In June last year, Ngo Dinh Vuong halted the operation of his garment factory in Quang Minh Industrial Park in Hanoi’s Dong Anh District due to the health crisis. The factory was opened in late 2018 and is the third to have been opened by Vuong in the northern region of the country since 2016.
Then in July, the second factory, based in Hung Yen Province, faced the same plight, leaving the first factory operating moderately also in Hung Yen. The three factories are managed by Hoang Yen Garment and Trading JSC, established in 2016, where Vuong is the director.
However, in early January, the two factories with halted operations began resuming operations as some big contracts have been landed with local and foreign experts. This would allow 800 workers to have incomes.
“We are happy that all of our three factories are in full operations now,” Vuong told Nhan dan Online.
Hoang Yen Company’s case is among more than 11,000 enterprises resuming operation in the first two months of this year nationwide.
According to the General Statistics Office (GSO), also in the first two months of 2021, the economy saw 18,100 newly-established enterprises with total registered capital of VND334.8 trillion (US$14.55 billion), employing 172,800 new labourers – up 4% in the number of enterprises, 52.2% in capital, and 9.7% in the number of labourers as compared to those in the same period of last year.
In particular, the average registered capital of each newly-established business in the two months of the year is VND18.5 billion (US$804,347), up 46.4% year-on-year. If an additional VND385.6 trillion (US$16.76 billion) registered by 6,500 operational enterprises is included, the total registered capital inserted into the economy in the first two months is VND720.4 trillion ($31.32 billion).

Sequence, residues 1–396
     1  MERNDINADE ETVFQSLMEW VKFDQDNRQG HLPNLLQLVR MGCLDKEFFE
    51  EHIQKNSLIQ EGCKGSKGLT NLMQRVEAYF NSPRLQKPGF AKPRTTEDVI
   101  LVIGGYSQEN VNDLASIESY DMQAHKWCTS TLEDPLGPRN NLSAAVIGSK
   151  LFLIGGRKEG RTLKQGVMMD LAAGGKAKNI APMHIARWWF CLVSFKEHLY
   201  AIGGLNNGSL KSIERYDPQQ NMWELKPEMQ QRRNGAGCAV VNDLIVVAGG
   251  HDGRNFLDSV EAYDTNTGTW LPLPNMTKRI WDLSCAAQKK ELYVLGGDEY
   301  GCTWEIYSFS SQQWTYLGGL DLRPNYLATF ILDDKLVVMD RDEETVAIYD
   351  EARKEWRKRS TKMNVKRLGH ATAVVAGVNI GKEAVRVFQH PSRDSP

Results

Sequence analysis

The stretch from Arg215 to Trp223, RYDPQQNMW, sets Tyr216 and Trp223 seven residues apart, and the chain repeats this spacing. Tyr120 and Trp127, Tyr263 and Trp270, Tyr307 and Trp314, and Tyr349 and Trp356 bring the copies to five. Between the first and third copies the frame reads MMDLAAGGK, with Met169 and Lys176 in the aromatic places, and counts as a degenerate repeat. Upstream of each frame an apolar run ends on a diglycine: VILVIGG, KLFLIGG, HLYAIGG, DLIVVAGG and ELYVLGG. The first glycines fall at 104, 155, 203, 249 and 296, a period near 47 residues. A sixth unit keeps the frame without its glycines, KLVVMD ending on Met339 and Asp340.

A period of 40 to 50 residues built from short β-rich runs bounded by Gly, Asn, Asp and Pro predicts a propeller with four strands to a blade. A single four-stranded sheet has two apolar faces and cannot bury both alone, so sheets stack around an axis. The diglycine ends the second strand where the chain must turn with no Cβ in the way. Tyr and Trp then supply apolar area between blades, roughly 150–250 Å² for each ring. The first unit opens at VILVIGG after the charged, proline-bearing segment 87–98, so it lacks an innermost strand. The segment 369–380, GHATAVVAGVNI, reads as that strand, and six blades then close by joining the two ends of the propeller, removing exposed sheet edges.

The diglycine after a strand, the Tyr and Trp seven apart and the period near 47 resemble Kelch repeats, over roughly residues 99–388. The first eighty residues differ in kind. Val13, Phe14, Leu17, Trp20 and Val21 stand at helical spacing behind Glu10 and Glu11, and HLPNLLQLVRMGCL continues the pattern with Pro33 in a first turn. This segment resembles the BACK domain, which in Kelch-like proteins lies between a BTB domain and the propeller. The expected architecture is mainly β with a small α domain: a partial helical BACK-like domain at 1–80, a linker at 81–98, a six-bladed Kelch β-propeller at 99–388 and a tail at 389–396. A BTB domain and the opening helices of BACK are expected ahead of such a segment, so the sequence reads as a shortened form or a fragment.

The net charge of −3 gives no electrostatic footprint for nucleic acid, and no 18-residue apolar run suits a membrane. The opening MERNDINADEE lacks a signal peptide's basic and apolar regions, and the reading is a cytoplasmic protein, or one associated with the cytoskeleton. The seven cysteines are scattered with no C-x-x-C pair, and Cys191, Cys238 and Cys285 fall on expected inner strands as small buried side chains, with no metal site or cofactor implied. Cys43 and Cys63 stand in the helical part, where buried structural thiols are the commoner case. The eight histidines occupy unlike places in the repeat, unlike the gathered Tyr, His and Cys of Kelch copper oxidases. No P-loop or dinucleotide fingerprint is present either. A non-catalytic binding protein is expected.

In February, despite the Lunar New Year, the number of newly-established firms hit more than 8,000 registered at VND179.7 trillion (US$7.81 billion), down 20.3% in the number of enterprises but up 15.9% month-on-month and 85.6% year-on-year in capital. The average registered capital of each business in the month reached VND22.4 billion (nearly US$974,000), up 45.5% month-on-month and 111.6% year-on-year.
Also, in February, the number of businesses with halted operations reduced 80.1 month-on-month and 21.3% year-on-year. Furthermore, the number of those with halted operations and waiting for dissolution decreased 53.5% month-on-month and 32.2% year-on-year.
“These are extremely positive signals for the economy in the context that the COVID-19 pandemic remains very complicated, badly affecting the business and production activities of businesses,” said a GSO report on the economy’s two-month economy.
According to global data analyst and provider FocusEconomics, after economic growth gained further momentum in the fourth quarter of last year, whose growth hit 2.91% in 2020, signs for the first quarter of 2021 are generally positive.
“Economic growth is projected to rocket this year amid strengthening domestic and foreign demand, with Vietnam set to continue outperforming its regional neighbours. The recent spike in COVID-19 cases and associated implementation of restrictions are a cause for concern, however, while a possible prolonged downturn in the tourism sector remains a key downside risk,” FocusEconomics told Nhan dan Online in a statement. “Our panellists expect GDP to expand by 7.4% in 2021, which is unchanged from last month’s forecast, and by 6.9% in 2022.”
A few weeks ago, Standard Chartered released its fresh forecast for Vietnam’s 2021 GDP growth.
“Standard Chartered expects Vietnam’s GDP growth to rebound to 7.8 per cent in 2021, from 2.91 per cent in 2020, with manufacturing likely continuing to drive the economy and helping Vietnam outperform the rest of Asia,” said the bank on a statement. Spurring confidence